Christian Simpllicity There are several


Christian Simpllicity
There are several protestant writers today have an enormous amount to say to all Christians. Dallas Willard is one of them. His books The Divine Conspiracy and The Spirit of the Disciplines are remarkable guides to good Christian Living. (He has a new book which I have not yet read and so cannot comment on--Renovation of the Heart. If you care to, you can sample some of his works here.

Another such writer is Richard J. Foster. His best-known work is Celebration of Discipline; however, I found this survey of various disciplines too cursory to be of much help. It is excellent to understand the underlying theory of much of these writers' work; however, it is simply too brief to be very helpful. My favorite Foster book is his remarkable, Freedom of Simplicity from which I quote below. Foster identifies simplicity and living simply as perhaps the central discipline in Christian life. This makes a certain amount of sense because simple living makes us more like the God whom we adore. For any who have even briefly dipped into the Summa, one of the first questions we examine is the question of whether or not God is simple. (Which leads us to the delightful diversion that Chesterton includes at the beginning of his biography of Aquinas--'A lady I know picked up a book of selections from St. Thomas with a commentary; and began hopefully to read a section with the innocent heading, "The Simplicity of God." She then laid down the book with a sigh and said, "Well, if that's His simplicity, I wonder what His complexity is like." ' The nice thing about blogdom is one need not be quite so disciplined as if one were writing elsewhere--though I suppose it would help.) Back to simplicity--simplicity represents singleness of mind, will, and heart, all directed to the ultimate goal of loving God here on Earth as we will love Him in heaven. An admirable and necessary goal--it may not be possible to attain the degree of perfection we will have in heaven, but it is necessary to try, both for our own sakes and the sake of those around us.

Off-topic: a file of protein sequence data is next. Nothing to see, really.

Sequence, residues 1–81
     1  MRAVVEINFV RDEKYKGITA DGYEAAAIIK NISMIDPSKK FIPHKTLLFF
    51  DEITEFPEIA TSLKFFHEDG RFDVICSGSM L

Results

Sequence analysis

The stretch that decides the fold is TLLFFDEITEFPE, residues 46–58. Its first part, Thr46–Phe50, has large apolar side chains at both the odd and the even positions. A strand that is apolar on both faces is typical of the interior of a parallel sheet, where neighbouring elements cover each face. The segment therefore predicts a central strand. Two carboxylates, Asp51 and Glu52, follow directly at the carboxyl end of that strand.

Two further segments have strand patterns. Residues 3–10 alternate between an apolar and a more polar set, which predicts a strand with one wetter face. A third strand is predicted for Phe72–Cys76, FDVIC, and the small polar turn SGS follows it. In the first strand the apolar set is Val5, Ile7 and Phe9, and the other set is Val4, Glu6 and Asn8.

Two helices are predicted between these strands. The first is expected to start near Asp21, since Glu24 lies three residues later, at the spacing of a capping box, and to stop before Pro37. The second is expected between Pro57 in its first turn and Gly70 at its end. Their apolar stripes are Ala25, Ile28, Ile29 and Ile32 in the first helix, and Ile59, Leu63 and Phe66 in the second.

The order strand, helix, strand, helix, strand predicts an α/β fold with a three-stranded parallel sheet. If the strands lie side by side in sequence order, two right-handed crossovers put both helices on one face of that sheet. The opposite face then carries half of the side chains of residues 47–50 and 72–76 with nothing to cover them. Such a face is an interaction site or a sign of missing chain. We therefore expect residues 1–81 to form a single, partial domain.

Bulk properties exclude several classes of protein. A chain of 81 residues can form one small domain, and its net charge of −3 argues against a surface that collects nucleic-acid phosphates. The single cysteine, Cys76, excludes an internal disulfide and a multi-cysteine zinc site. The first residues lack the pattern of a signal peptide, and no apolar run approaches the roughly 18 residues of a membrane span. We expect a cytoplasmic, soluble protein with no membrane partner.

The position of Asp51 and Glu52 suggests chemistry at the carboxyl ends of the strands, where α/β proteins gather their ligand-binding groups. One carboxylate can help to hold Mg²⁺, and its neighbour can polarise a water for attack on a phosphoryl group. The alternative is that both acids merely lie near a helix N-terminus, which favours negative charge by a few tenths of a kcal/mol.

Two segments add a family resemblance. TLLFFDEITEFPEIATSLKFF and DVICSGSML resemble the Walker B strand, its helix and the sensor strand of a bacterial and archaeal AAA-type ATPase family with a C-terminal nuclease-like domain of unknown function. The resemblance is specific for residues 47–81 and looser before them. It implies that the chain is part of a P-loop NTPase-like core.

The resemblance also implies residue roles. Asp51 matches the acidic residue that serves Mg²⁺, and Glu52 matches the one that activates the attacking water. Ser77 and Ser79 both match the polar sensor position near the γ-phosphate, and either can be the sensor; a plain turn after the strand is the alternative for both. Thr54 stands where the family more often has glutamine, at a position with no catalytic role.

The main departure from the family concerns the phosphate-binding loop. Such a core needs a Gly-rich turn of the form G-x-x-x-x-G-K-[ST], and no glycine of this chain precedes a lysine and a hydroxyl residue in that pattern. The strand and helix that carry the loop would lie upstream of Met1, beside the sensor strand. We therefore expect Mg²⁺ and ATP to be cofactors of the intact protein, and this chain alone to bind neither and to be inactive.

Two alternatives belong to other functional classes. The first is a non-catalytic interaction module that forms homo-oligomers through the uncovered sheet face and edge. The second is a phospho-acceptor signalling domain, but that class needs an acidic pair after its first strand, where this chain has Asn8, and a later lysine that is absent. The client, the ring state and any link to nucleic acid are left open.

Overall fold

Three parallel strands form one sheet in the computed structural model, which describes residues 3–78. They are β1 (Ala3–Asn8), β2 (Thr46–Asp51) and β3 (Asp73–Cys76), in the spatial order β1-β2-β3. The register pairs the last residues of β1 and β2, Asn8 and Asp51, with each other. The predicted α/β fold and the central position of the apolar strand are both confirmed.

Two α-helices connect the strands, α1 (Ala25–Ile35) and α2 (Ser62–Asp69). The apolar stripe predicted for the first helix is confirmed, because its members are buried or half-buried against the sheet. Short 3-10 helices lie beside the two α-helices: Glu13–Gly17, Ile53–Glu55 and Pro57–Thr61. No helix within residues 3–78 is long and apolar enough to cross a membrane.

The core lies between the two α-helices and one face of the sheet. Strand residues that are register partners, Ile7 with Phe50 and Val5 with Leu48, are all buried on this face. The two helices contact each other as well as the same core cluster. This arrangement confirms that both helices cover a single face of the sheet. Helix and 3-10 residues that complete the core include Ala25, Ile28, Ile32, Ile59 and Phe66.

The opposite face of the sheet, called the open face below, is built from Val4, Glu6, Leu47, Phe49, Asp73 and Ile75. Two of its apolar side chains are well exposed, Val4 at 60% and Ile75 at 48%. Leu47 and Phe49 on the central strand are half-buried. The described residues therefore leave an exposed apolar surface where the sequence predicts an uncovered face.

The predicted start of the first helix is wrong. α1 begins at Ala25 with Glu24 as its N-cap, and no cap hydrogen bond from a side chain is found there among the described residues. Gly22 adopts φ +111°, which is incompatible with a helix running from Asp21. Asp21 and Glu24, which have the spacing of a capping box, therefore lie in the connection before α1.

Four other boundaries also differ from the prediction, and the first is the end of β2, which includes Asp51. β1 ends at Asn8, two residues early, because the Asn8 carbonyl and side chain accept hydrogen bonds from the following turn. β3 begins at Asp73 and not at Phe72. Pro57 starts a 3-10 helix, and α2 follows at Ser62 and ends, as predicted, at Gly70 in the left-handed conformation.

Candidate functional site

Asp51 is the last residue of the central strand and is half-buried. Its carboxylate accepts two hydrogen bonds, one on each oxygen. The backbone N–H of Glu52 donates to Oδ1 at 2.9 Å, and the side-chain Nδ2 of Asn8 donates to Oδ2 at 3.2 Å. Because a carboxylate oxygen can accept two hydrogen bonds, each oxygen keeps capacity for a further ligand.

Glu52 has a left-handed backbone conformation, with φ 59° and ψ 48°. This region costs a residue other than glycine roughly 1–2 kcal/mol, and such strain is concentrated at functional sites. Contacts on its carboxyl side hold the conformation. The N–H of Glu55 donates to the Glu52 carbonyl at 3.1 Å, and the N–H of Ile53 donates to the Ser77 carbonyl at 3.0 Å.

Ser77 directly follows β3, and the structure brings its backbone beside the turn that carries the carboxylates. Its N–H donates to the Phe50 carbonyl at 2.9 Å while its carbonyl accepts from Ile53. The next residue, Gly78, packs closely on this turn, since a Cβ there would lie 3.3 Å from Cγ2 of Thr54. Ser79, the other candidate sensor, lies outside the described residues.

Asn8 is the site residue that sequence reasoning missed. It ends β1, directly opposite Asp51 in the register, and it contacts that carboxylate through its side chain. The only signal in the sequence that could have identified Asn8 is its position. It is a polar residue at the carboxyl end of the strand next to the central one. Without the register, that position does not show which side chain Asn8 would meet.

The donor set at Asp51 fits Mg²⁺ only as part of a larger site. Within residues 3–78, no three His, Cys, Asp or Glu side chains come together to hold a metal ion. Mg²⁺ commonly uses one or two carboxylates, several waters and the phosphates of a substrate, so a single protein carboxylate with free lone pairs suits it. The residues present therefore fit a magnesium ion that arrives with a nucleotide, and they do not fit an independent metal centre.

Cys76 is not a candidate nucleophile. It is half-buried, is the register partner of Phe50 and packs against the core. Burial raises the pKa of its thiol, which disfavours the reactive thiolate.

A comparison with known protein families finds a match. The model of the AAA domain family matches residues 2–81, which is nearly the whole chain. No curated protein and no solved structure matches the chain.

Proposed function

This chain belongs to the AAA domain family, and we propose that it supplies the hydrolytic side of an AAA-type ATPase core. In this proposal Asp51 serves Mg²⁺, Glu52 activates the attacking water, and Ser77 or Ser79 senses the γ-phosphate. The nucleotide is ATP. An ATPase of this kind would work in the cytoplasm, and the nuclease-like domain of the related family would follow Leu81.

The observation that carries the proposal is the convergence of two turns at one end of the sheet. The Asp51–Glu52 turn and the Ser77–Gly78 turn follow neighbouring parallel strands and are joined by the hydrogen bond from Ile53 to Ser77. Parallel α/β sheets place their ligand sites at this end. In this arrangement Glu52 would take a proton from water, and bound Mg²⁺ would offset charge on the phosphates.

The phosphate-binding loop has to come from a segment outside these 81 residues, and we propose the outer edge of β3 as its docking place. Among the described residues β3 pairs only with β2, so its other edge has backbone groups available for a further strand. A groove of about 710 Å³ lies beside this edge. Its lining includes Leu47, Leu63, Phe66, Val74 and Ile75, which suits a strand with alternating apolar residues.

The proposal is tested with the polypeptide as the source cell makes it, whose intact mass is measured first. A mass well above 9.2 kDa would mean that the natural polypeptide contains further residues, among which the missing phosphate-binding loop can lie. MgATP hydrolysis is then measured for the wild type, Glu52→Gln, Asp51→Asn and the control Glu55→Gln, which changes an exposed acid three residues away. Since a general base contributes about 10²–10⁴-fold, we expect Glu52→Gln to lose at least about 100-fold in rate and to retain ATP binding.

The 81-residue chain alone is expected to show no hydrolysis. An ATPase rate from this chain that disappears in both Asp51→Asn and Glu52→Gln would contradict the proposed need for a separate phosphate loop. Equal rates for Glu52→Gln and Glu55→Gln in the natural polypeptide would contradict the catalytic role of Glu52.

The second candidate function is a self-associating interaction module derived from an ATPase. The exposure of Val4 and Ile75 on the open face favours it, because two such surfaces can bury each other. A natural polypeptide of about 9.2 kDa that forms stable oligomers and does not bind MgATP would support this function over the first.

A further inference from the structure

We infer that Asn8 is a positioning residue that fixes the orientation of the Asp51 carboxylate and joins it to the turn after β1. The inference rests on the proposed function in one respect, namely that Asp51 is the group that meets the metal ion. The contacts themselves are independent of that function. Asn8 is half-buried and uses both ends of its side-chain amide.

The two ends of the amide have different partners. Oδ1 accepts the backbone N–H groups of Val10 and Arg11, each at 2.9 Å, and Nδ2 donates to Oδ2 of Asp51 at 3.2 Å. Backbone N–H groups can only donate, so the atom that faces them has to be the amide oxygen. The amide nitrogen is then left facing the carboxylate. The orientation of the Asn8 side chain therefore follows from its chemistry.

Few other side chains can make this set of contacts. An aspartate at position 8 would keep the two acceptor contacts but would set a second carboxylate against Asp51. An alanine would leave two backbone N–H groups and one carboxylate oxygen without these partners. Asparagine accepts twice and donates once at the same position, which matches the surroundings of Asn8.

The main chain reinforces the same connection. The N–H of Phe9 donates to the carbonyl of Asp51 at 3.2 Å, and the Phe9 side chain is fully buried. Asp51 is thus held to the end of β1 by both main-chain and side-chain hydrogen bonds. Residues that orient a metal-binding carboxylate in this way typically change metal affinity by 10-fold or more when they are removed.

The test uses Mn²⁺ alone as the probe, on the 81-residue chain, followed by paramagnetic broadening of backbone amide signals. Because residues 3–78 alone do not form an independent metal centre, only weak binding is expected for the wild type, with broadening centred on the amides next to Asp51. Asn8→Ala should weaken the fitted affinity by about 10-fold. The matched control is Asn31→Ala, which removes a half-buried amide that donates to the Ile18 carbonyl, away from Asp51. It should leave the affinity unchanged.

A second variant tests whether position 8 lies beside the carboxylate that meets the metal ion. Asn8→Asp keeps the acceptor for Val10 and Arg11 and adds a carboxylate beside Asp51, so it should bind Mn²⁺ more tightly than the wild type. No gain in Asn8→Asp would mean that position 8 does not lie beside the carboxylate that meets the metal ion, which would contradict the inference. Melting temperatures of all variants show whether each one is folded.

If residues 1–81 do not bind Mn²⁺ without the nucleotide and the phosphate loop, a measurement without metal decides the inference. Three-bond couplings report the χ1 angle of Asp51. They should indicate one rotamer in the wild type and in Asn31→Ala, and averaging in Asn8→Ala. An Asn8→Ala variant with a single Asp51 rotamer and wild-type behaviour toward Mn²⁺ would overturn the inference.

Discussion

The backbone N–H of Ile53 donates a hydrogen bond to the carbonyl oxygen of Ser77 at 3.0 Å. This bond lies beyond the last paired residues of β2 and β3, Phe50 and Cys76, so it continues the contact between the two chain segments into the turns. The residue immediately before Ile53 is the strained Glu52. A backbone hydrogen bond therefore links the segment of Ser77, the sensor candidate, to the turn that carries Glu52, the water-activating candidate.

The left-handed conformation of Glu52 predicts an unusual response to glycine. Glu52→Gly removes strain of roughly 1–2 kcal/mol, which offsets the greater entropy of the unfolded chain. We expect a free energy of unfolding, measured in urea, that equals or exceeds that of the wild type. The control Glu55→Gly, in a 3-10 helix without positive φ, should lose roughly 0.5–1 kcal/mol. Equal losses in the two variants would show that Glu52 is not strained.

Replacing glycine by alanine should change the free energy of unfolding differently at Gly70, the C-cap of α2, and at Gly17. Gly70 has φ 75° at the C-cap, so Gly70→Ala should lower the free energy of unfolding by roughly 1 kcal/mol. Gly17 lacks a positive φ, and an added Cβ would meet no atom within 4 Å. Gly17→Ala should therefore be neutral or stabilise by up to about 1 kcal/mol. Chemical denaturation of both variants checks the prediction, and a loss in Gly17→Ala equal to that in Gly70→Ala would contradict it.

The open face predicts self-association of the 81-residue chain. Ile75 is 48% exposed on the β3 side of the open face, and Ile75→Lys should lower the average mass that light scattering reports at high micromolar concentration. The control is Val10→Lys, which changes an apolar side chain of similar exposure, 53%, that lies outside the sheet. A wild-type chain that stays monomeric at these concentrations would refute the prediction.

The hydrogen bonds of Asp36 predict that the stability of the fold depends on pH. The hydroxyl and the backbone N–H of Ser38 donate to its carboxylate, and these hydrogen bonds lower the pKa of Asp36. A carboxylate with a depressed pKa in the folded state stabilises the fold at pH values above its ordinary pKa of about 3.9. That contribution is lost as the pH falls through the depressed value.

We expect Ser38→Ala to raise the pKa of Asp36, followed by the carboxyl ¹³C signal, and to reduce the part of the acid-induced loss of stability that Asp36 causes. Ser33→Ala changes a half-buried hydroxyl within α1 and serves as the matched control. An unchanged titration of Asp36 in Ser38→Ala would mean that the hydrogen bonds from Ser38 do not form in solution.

From Freedom of Simplicity Chapter 3 Richard J. Foster

Jesus Christ and all the writers of the New Testament call us to break free of mammon lust and live in joyous trust. Their radical criticism of wealth is combined with a spirit of unconditional generosity. They point to us a way of living in which everything we have we receive as gift, and everything we have is cared for by God, and everything we have is available to others when it is right and good. This reality frames the heart of Christian simplicity. It is the means of liberation and power to do what is right and to overcome the forces of fear and avarice. (p. 62 mass-market Harper edition).

What is most wonderful about Foster's book is that he doesn't leave us stranded in a limbo of theory. The second half of the book is dedicated to practical considerations in living a life of simplicity. Overall, a highly recommended book--if everyone would read this and one out of ten were to practice it, we would be a long way toward saying with Jesus, "The Kingdom of Heaven is at hand."

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This page contains a single entry by Steven Riddle published on August 27, 2002 8:05 AM.

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